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COVID-19

EU approves use of Pfizer-BioNTech vaccine in children 12 and over in Europe

The European Commission authorised the use of the Pfizer-BioNTech vaccine in 12- to 15-year-olds on Friday, following the European Medicines Agency's approval of administering the jabs to adolescents earlier in the day.

EU approves use of Pfizer-BioNTech vaccine in children 12 and over in Europe
A nurse prepares a syringe with saline solution before it is diluted with the Pfizer/BioNTech vaccine at the Evonik vaccination in Hanau, western Germany (Photo by THOMAS LOHNES / AFP)

This vaccine is already approved for people aged 16 and over in the EU.

Earlier this month, US regulators authorised the vaccine for children in the 12-to-15 age group, and it is now widely available.

The European Medicines Agency said that two doses of the vaccine would be needed in adolescents and should be given at least three weeks apart, which is the same guidance as for adult use.

Individual EU states would be able to decide whether or not they wanted to offer the vaccine to the 12 to 15-year-olds.

READ ALSO: Vaccines to be made available to children 12 and over in Germany starting June

Germany said on Thursday that it would start giving the vaccine to children from 12 to 15 from June 7th, which is when vaccine prioritisation for all adults is set to end in Germany.

READ ALSO: Covid jabs for children in Germany will be an ‘individual decision’, says Health Minister

Italy has also said it would extend its vaccination campaign to the over-12s, with approval from Italy’s regulator expected by Monday.

READ ALSO: Italy to open Covid jab appointments to all over-16s from June 3rd

And Austrian capital Vienna was waiting for the EMA approval before opening up Covid-19 vaccination registrations to parents of 12- to 15-year-olds.

In Switzerland, meanwhile, children may be able to get vaccinated at the age of 10, even without their parents’ approval.

The EMA approval may help reassure parents when children go back to face-to-face teaching, but the issue is not without controversy.

A few figures in the medical community have said there is not yet enough evidence to support vaccines and their potential side effects in younger people, while others believe older and vulnerable people in less wealthy countries should be prioritised over children.

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COVID-19

Munich sees sharp rise in Covid cases after Oktoberfest

Since the start of Germany’s Oktoberfest, the incidence of Covid infections in Munich has risen sharply. Though a connection with the festival can’t yet be proven, it seems likely.

Munich sees sharp rise in Covid cases after Oktoberfest

Two weeks after the start of Oktoberfest, the Covid numbers in Munich have more than tripled.

On Sunday, the Robert Koch Institute (RKI) reported an incidence of 768.7 for the city of Munich, though updated figures for the end of the festival are not expected until later in the week. Usually, on weekends and public holidays, there is a delay in reports.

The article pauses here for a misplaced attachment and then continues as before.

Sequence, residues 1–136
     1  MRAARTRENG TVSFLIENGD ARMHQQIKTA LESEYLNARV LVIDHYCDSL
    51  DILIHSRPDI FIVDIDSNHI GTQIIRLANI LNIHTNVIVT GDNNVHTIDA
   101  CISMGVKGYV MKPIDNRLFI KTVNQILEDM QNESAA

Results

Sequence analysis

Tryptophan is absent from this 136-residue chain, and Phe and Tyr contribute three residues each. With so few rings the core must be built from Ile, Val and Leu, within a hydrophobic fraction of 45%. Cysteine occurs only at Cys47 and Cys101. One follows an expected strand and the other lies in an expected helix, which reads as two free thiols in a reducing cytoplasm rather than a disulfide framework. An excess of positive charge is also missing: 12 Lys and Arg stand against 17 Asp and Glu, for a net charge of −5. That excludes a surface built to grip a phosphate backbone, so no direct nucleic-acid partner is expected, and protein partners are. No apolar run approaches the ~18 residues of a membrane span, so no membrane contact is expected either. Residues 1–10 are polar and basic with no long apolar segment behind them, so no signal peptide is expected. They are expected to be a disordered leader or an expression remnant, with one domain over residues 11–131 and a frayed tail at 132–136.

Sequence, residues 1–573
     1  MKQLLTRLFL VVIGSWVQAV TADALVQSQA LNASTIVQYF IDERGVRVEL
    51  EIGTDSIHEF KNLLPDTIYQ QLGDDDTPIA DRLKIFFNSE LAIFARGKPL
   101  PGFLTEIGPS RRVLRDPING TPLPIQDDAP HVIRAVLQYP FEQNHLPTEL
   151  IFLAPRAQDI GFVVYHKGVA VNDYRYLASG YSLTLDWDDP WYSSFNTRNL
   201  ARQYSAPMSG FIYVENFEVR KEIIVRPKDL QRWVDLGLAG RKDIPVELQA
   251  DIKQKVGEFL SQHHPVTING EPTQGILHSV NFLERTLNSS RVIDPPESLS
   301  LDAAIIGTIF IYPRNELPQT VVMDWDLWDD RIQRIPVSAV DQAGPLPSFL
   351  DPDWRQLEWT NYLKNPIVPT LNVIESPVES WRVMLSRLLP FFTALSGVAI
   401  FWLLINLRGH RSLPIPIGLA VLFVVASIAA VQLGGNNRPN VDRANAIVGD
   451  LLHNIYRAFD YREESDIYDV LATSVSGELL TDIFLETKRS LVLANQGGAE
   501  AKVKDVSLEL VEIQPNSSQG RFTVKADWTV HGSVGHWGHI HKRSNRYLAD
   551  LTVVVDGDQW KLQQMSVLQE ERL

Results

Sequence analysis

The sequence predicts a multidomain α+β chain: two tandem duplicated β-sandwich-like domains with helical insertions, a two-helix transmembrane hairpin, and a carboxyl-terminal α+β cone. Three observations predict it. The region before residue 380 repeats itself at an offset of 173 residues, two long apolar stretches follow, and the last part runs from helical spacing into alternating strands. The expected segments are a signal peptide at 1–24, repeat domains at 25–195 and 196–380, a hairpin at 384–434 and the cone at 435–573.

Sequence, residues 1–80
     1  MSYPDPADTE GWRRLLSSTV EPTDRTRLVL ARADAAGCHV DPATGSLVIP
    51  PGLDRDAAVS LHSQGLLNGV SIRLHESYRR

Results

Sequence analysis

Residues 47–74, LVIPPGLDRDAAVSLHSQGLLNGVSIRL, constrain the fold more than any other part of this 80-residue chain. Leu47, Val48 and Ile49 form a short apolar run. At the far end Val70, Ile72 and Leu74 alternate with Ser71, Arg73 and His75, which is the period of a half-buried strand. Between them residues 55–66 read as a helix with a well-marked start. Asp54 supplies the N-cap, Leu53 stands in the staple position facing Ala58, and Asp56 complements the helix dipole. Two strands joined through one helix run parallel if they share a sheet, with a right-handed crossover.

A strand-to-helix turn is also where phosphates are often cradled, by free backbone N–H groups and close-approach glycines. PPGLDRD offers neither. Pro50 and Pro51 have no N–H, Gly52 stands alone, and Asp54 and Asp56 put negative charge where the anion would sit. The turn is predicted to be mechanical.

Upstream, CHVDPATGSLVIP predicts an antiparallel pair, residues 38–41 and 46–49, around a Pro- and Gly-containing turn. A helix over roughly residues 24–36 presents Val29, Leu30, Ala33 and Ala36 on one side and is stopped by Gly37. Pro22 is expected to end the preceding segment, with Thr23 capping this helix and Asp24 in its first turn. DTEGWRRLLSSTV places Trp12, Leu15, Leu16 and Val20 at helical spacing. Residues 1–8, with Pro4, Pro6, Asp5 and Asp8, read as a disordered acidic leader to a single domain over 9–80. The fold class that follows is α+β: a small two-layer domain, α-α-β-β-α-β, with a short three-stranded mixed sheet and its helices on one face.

In the entire state of Bavaria, the incidence value on Sunday was 692.5.

According to Munich’s public health officer, Beatrix Zurek, bed occupancy in Munich hospitals has also increased. Two weeks ago, 200 beds in Munich were occupied by Covid patients, whereas there are now around 350.

Though a relationship between the sharp rise in infections with Oktoberfest, which ended on Monday, can’t be proven at the moment, it seems very likely, according to experts. A significant increase in Covid incidences has also been shown at other public festivals – about one and a half weeks after the start. 

READ ALSO: Germany’s famed Oktoberfest opens after two-year pandemic hiatus

After a two-year break due to the pandemic, around 5.7 million visitors came to this year’s Wiesn according to the festival management – around 600,000 fewer than at the last Oktoberfest before the pandemic in 2019, when there were 6.3 million.

Federal Health Minister Karl Lauterbach (SPD) took to Twitter to comment on the rise in incidence in Munich during the Oktoberfest. “This would not have been necessary if self-tests had been taken before admission,” he said.

“Compared to the price of a measure of beer, €2-3 (for tests) wouldn’t have mattered,” he said.

Even before the start of the Wiesn, he had spoken out in favour of people taking voluntary self-tests. Lauterbach stressed that now is the time for special measures against Covid.

“The development shows what will happen if the states wait too long with the mask obligation in indoor areas,” he added.

READ ALSO: KEY POINTS: Germany’s new Covid-19 rules from October

In neighbouring counties, where many Oktoberfest visitors came from, the number of Covid cases has also risen noticeably.  Beatrix Zurek said that it is unclear, however, how much of a role Oktoberfest played in these figures, as people are currently much more active socially overall, with concerts and other events also taking place throughout the state.

Christoph Spinner, an infections specialist at Munich’s Klinikum, has urged people not to be alarmed by the rising numbers.

“We had expected rising incidences here. We knew that there could be a doubling, tripling, even quadrupling,” he said.

He said that this is no cause for concern, as many people have been vaccinated or have also recovered from previous Covid infections, so any new infections are therefore usually mild.

The virologist advises people over 60 or with pre-existing conditions to get a second booster vaccination, but otherwise said people shouldn’t be alarmed by the rising incidences.

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